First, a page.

Where's the Center?

Shep Rose

Winston Churchill once said, “Democracy is the worst form of government, except for all the others.”


Surely I’m not the only citizen of this great country to writhe in disgust about democracy in America today. I’m especially not the only one in my voting age bracket to be turned off by the whole political process and the horribly out-of-touch law makers that sit in D.C. Studies show that 45- to 65-year-old citizens make up a significantly greater percentage of voters in relation to their percentage of the population; and that the 18- to 35-year-olds generally aren't motivated to “vote with their feet”. I submit to you that this trend will persist as long as the two-party system continues to be radically polarized along party lines to where common sense legislation is eschewed simply because it doesn’t jibe with party leadership. The first pragmatic and sensible candidate(s) that come out of the woodwork will see a groundswell of support from the younger generation and enjoy political success for years to come. Because here’s the thing, what my generation and our predecessors are interested in is open-mindedness and prosperity without greed. That might be a gross generalization; but I’d be willing to bet that it rings true for many of my peers. Distilled even further, I think that we are looking for social liberalism and fiscal conservatism. What some might call the middle ground, or the center. Taking the best and most fair ideas from both sides and transmogrifying them into one party or movement. It would be imperfect, like everything else, but it might just inspire the upcoming generations of voters.


My family is made up of both sides of the political aisle. My dad’s side is made of staunch Republicans and my mom’s family is almost all Democrats. But they have one thing in common that they taught and preached thoroughly: always understand and listen to the other side of every argument. Of course this crucial and salient advice was meant to encompass all of life’s little circumstances, but sitting around the thanksgiving dinner table it always seemed to turn to politics. And because we had a table divided, the conversation might get spirited, but the mutual respect for each other’s beliefs would always shine through, narrowly avoiding a pecan vs. pumpkin pie rumble. I grew up siding mainly with my dad. The democrats in the '80s were just wimpy, Dukakis being the main flag bearer for dorky so-called compassionate wussies. Then there was Clinton, a man who will be seen in the history books as one of the most centrist presidents we’ve ever had. His personal life and “slick-willie” persona notwithstanding, that SOB was one hell of a politician and he danced the Potomac two-step like no one’s business. He wasn’t interested in sticking it to Republicans, he wanted to pass legislation and that meant compromising at times, finding the middle ground. But his personal deficiencies marked the beginning of the moral high ground, far right wing, “family values” Republican movement that eventually led to the party faltering after the W. Bush presidency. It was only a matter of time before people discovered that claiming moral high ground in Washington is like saying you are the least slutty of all the whores in the whore house. When the Republican leader Newt Gingrich left his wife while she had cancer, well, come on. Family values my foot. It’s all about power and money, nothing more.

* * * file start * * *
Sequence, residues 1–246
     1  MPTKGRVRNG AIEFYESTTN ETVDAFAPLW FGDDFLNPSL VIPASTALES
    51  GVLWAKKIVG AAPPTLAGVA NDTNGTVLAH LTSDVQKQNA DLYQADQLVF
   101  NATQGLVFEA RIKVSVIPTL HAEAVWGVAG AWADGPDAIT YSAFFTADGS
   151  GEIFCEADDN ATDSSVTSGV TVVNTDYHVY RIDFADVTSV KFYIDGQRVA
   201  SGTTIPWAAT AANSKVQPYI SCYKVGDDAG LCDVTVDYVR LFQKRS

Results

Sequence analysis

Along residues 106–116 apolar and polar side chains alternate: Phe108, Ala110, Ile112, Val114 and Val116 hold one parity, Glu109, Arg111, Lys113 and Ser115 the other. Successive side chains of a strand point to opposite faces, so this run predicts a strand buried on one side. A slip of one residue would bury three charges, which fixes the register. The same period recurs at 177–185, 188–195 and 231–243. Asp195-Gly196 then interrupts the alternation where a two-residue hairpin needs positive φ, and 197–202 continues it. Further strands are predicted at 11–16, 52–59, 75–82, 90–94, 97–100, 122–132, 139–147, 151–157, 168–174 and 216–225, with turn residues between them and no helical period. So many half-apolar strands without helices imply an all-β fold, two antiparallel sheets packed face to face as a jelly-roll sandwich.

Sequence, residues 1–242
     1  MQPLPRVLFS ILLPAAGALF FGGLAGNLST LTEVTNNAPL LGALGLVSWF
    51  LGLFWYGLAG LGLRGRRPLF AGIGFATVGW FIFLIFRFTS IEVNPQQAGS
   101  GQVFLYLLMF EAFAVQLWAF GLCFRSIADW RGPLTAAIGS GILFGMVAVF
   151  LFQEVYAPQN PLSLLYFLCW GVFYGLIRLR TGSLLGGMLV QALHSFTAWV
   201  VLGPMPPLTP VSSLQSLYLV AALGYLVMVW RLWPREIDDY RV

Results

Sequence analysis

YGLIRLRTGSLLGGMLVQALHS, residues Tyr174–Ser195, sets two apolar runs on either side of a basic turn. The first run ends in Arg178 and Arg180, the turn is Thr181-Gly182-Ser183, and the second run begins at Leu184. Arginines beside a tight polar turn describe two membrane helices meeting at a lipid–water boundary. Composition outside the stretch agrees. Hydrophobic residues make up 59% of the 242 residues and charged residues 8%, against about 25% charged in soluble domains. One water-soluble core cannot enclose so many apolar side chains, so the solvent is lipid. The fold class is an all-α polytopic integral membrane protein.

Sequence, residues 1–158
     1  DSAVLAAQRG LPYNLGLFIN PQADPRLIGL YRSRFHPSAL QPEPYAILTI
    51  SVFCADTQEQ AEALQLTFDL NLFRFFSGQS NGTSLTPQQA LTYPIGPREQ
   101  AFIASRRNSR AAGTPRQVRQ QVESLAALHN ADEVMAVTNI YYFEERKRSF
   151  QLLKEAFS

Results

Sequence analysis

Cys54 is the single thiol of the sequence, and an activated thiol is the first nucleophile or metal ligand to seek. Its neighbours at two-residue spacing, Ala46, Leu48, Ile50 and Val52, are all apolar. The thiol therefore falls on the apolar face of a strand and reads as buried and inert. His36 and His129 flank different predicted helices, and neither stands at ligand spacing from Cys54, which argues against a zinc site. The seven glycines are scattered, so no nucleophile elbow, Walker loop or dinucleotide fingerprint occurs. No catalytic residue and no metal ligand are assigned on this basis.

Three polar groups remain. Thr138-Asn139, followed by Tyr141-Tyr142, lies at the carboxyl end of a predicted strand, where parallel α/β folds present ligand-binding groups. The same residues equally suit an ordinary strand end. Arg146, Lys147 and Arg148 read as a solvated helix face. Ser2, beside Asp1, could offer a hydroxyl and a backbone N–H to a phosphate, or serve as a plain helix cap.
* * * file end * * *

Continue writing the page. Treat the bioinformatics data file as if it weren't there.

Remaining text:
Which reminds me of the joke, “Politicians are like hot dogs, if you like them, it’s better to not know how they are made.”


All the guys on Capitol Hill and in the White House have more skeletons in their closet than a catacomb. The trick is finding someone with a sharp mind and new, strong ideas. 


So after Republicans dominated the '80s with Reagan, then Democrats ruled '90s with Clinton, then we got Bush, and now Obama. The vitriol and high stakes political maneuvering has reached a Hatfield’s vs. McCoy’s level. Our politicians are so concerned with smiting their opponents, they’ve forgotten that they are supposed to be serving in the best interest of the country. The sad thing is I think some politicians know their side is wrong, yet they keep pulling the lever. It's insane!


I had been thinking about writing this blog for a while now, and not only because my friend Thomas Ravenel is running for U.S. Senate as an independent. I’ve had the opportunity to attend some of his speeches and also discuss his philosophies and, honestly, I agree with many of his libertarian views. Perhaps independent is the only sensible option left, maybe we have to erase the madness espoused in the other two parties and start anew.


So I was driving down the highway trying to find ESPN radio and came across Rush Limbaugh, I listened for a few minutes and was just totally turned off, not just by him and the thought of his cohorts Hannity, Glenn Beck, etc. who I view as entertainers first, commentators second, but the hordes of people who take what they say as gospel. Here is my quick flash view on the Republican Party as it exists now and for the last 20 years: (this is meant to reflect a very broad stereotype, but stereotypes come from somewhere)